Dryad (2017)
by Papillon Artisan Perfumes


Dryad information

Year of Launch2017
GenderShared / Unisex
AvailabilityIn Production
Average Rating
(based on 48 votes)

People and companies

HousePapillon Artisan Perfumes
PerfumerElizabeth Moores

About Dryad

Dryad is a shared / unisex perfume by Papillon Artisan Perfumes. The scent was launched in 2017 and the fragrance was created by perfumer Elizabeth Moores

Reviews of Dryad

Dry green

I put it on. Ah, dry green fougere. Read some reviews. Chypre? I feel like a must be having a tough time distinguishing. Dried down to still a fougere to me. I dont know. I experienced a dry green fractured mossy fougere.
30th September, 2020

After reading the other Basenotes reviews, I was expecting a mossy green chypre, but my nose tells me this is a very dry leather, the inside of a well-used leather shoulder bag, with hints of its former contents left behind.

It is so light and so dry I can barely detect it. I had to keep making sure the liquid in my sample was actually coming out of the vial, as I couldn’t detect its feel at all.

It’s very hard for me to rate this one, since it’s so ethereal.

My spouse did not enjoy it, finding it to be harsh – a murky, musky green, giving the impression of trying to cover up rotting vegetation with overly sweet florals.

Two entirely different takes. Going with my dry leather impression, I must give it a neutral as it doesn’t really impress. It’s just odd and different, almost a non-scent.

23rd May, 2020
Dryad is a back-to-basics kind of perfume. It delivers a dry green chypre uncomplicated by sideways excursions – presumably to satisfy the mossy yearnings of perfume lovers, now that this material features so insignificantly due to current restrictions. So we have the arid, ever so slightly yeasty, severity of oakmoss, signifier in perfumes of yore that they had backbone, dressed in the dark green skirt of galbanum, with a bit of herbal zing from clary sage. These are all good things and the range of other notes declared remains muted behind these two players. Except of course for the beautiful rich, buttery green floral note of narcissus, blooming in its heart.
Dryad is not always a hit on my skin – some days when the floral centre opens up and expresses itself, the sylvan intention seems perfectly realized and all is fine with the world. But I have also had wears where it remained contained and restricted to the chypric bones, and then it felt a bit like skinny fashion. Fine for purists, but a touch too single-minded.
26th February, 2019
Dryad is definitely a bonafide green chypre, quite sharp. I smell an accord of oakmoss (moss is prominent and persistent from start to finish) and galbanum, laced with clary sage. I find hints of floral, towards the late dry down, but very reserved. I'm missing completely any woods, resins or musk. Interestingly, I also do not find any note of leather unlike Bandit or Azuree.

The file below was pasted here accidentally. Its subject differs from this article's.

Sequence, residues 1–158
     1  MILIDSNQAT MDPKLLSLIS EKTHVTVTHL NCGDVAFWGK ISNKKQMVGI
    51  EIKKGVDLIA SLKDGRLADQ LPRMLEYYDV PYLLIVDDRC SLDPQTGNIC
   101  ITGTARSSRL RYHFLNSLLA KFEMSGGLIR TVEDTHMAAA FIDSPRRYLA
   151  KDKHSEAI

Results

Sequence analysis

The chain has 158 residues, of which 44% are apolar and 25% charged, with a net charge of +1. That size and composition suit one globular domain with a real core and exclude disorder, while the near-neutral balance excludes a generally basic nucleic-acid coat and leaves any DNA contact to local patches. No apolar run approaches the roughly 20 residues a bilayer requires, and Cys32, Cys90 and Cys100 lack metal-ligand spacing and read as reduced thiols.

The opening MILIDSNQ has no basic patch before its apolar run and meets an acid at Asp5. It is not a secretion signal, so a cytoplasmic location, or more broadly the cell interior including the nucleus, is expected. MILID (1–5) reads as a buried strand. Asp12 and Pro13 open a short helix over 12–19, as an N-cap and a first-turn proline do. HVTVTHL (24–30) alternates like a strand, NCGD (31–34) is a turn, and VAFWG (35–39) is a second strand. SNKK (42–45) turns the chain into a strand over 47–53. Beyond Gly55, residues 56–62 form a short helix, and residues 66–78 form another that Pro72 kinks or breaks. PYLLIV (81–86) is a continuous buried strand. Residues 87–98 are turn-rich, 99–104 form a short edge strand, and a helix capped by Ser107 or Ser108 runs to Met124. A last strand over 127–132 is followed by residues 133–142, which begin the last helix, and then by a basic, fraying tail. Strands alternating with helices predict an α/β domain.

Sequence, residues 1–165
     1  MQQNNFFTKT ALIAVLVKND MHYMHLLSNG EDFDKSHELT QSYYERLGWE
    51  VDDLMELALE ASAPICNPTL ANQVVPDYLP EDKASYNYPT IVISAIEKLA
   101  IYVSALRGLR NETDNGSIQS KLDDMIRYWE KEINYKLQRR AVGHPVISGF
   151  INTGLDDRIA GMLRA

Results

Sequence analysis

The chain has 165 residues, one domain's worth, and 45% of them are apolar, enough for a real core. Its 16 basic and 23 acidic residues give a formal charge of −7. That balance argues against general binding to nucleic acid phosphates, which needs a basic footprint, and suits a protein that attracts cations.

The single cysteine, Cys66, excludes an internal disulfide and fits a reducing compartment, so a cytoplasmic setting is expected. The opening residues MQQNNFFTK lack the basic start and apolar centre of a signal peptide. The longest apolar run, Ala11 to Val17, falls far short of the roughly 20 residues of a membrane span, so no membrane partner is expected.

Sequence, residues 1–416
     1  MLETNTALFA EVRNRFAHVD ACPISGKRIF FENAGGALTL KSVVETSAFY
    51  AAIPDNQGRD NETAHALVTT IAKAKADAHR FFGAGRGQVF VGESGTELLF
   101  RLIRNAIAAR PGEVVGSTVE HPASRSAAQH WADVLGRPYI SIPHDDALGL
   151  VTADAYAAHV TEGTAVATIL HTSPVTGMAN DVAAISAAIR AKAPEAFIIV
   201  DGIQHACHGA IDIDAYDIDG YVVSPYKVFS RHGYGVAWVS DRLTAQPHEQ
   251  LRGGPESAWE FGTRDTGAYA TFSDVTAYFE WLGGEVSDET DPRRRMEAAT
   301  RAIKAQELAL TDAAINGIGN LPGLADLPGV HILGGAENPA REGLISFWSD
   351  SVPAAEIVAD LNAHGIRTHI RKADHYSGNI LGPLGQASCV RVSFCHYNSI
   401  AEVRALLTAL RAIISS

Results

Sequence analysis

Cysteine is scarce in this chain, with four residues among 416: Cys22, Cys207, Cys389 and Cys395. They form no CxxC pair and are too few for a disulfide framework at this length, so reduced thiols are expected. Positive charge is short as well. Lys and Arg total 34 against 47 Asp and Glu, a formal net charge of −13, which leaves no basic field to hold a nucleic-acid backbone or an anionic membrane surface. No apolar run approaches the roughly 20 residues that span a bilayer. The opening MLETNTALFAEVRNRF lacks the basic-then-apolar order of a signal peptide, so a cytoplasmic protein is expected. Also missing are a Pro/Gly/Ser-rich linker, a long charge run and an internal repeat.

Dryad is a commendable choice, but personally fails to hit the mark. I find it too one-dimensional, and lacking in nuances or complexity (unlike, Mito). For this reason, I also find it to be somewhat unfinished and unedited. It comes across as the "green chypre accord" equivalent of one note genre exercises that plague niche perfume lines. If only it had some added depth and dimension - it would have been much more engaging. It is quite abstract thanks to its central accord, but it isn't particularly complex.

I would imagine that Dryad would only specifically appeal to those looking for a specific accord, and even so, sniffing around might prove rewarding. Sillage is close but persistent, and duration is very good at over seven hours based on a moderate application.

07th February, 2019
Waves of notes that are a delight for my nose. Deep, dark floral notes. Old forest, damp woods accord underneath. Rooty iris. Galbanum is noticeable. There becomes two almost simultaneous layers: One is floral-sweet, the other more earthy, mossy dark green. The lavender is "pretty" here - not too intense. The galbanum is not a deal-breaker for me. The letter can be too grating, for my taste.

After time Dryad smooths out becoming an all encompassing elixir of which forest nymphs would delightfully approve. Very well done! 4.5 stars.
04th January, 2019
We all have a note (or notes) that, for whatever reason, is amplified on our skin, for better or worse.

For my skin chemistry, orris is amplified for the worse.

Instead of a rich, powdery feel that others report from orris root, I receive a harsh, mega-perfumey note that overpowers everything else. The only orris/iris fragrance I've tried where that does not happen is Iris Rebelle by Atelier Colognes.

Unfortunately, my sensitivity to orris remains with "Dryad" -- however, when I really stick my nose down into it to smell the other elements, I find it to be an incredibly well-balanced and pleasing chypre. Those who do not share my orris affliction will likely have an even more well-balanced experience.

There is a (likely unintentional) note here that reminds me of cap-gun smoke. Yes, cap-gun smoke. In a good way.
18th December, 2018

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